The state of Minnesota has filed an appeal of a recent 8th Circuit Court decision which invalidated its 2006 "fine the buyer" video game law.
Perhaps more than any previous case, the unusual Minnesota law, which would fine underage buyers of violent games $25, has a chance to beat the video game industry’s legal challenges.
As previously reported on GamePolitics, the Minnesota statute was signed into law by Gov. Tim Pawlenty (R) on June 1st, 2006. The game industry immediately filed suit to block its implementation on constitutional grounds.
Eight weeks later a U.S. District Court judge ruled that the law was unconstitutional. Then-Minnesota Attorney General Mike Hatch (D) filed an appeal.
In February, 2007 a three-judge panel of the 8th Circuit heard arguments in the case. As GamePolitics reported at the time, audio of the hearing revealed the panel to be skeptical of some game industry arguments.
Last month the 8th Circuit issued its finding that the law was unconstitutional. But, as we noted in our coverage, the Court expressed a certain degree of sympathy for Minnesota’s position, accepting research put forth by the state to a degree that no previous court has:
We believe that the State’s evidence provides substantial support for its contention that violent video games have a deleterious effect upon the psychological well-being of minors…
We are not as dismissive of that evidence as have been some of the courts that have found similar evidence to be inadequate to establish the causal link between exposure to violent video games and subsequent behavior.
Because the three-judge panel was bound by a prior 8th Circuit ruling in the 2003 IDSA vs. St. Louis County case, there was never really a doubt that they would find in favor of the video game industry. However the opinion written by Judge Wolman could be viewed as inviting the state to appeal en banc. If that were to occur, the case would be re-argued before the full 8th Circuit as opposed to a three-judge panel. This might be an attractive strategy for the state because only an en banc decision could reverse the earlier IDSA vs. St. Louis ruling.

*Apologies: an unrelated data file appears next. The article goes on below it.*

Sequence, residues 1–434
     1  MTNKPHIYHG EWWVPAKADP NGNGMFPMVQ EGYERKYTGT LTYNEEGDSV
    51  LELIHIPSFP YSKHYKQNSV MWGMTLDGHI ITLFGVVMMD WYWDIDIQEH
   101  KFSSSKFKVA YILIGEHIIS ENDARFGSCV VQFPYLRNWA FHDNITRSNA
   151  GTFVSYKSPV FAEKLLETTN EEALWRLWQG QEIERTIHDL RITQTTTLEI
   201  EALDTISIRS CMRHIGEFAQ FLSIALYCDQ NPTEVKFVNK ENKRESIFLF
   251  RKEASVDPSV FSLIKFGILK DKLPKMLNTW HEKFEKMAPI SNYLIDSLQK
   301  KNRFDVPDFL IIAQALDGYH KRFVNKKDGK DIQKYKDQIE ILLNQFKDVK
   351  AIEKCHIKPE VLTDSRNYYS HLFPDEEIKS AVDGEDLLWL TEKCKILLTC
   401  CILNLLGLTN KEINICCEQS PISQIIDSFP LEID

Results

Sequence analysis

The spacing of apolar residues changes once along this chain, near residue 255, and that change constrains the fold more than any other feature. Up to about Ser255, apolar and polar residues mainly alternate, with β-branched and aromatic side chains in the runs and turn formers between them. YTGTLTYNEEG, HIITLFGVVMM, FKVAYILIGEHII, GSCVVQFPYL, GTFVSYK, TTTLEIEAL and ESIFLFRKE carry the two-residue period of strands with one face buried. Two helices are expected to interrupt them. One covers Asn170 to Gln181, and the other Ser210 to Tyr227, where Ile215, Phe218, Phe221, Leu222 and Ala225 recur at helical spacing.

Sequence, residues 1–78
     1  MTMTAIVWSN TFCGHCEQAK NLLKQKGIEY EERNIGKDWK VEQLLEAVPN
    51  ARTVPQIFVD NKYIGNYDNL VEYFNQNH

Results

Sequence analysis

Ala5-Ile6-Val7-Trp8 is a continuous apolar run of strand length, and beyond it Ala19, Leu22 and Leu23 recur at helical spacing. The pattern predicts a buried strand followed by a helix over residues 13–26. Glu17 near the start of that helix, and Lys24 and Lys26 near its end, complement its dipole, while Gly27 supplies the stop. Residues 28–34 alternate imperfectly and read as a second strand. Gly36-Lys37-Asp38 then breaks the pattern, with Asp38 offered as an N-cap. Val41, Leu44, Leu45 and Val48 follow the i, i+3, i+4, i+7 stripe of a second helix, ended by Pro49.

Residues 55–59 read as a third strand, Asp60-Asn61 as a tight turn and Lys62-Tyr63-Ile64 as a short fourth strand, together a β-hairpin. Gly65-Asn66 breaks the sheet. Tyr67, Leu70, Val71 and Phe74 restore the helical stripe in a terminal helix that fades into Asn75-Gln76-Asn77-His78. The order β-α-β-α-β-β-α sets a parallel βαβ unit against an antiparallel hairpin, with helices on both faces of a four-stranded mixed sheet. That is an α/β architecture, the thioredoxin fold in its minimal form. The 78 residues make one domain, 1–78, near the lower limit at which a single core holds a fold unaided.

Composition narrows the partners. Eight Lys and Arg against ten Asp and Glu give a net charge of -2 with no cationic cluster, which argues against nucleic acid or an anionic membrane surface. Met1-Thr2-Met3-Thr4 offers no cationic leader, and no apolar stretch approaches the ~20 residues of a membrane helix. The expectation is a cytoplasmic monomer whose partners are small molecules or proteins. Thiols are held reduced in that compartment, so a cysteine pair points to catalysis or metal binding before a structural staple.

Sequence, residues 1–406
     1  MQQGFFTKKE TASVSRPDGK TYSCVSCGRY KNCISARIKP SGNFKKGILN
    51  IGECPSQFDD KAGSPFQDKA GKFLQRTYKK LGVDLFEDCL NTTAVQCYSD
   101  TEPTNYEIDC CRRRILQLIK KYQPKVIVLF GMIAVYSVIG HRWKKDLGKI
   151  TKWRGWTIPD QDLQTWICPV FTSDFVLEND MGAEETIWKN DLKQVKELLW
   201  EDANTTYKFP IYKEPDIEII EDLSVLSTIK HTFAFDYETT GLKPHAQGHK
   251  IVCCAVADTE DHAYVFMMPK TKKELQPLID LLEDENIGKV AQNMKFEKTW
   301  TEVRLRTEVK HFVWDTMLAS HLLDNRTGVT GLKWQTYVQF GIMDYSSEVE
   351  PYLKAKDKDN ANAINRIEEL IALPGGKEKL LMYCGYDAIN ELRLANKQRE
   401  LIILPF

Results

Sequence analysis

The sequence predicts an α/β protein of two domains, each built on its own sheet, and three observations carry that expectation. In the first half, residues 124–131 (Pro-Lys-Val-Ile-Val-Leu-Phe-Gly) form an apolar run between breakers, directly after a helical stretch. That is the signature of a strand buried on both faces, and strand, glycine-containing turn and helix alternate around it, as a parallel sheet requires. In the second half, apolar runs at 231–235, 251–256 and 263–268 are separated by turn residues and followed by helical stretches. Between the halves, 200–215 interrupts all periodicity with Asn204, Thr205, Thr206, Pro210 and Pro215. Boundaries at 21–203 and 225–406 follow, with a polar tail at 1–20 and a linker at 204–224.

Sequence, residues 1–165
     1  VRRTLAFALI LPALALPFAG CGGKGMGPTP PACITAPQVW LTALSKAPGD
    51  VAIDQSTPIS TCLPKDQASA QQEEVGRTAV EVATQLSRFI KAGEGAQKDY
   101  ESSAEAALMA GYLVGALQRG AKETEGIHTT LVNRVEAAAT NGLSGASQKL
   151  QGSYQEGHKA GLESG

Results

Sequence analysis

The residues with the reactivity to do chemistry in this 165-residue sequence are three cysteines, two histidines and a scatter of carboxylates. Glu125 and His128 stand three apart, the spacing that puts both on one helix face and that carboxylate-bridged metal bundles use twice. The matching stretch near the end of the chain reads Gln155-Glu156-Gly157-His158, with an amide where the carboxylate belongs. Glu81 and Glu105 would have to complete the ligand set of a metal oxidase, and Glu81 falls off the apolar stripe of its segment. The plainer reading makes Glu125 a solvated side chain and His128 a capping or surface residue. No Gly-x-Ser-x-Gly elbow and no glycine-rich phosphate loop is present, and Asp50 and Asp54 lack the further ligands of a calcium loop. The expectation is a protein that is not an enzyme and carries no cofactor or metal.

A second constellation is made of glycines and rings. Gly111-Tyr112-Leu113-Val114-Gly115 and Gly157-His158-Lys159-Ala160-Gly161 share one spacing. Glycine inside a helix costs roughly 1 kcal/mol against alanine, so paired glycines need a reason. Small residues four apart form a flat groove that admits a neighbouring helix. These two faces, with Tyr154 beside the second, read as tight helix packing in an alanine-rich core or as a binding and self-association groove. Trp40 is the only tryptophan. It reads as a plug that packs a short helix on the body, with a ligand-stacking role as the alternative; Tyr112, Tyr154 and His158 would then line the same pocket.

Indeed, this process is already underway. We note that the Media Coalition’s tracking of the case indicates that Minnesota Attorney General Lori Swanson (D, pictured) filed a petition for an en banc hearing on March 28th. This excerpt is taken from the state’s en banc request:
The panel [stated] that it was bound by the precedent set by another panel of the Court in [IDSA] v. St. Louis County… Nevertheless, the panel questioned the analysis of the [IDSA] decision. (stating that [IDSA’s] “requirement of such a high level of proof may reflect a refined estrangement from reality, but apply it we must”).
Because of the importance of the issue of whether the State can lawfully restrict minors’ access to extremely violent and patently offensive video games, this case should be considered by the entire Court.
The video game industry has until April 21st to respond the Minnesota’s petition for an en banc hearing.
In related news, the video game industry is seeking to recover $60,458.91 in legal fees from Minnesota, but A.G. Swanson has filed a motion to delay any action on that request while the en banc issue is resolved.
The bottom line?
Don’t count Minnesota’s video game law out just yet.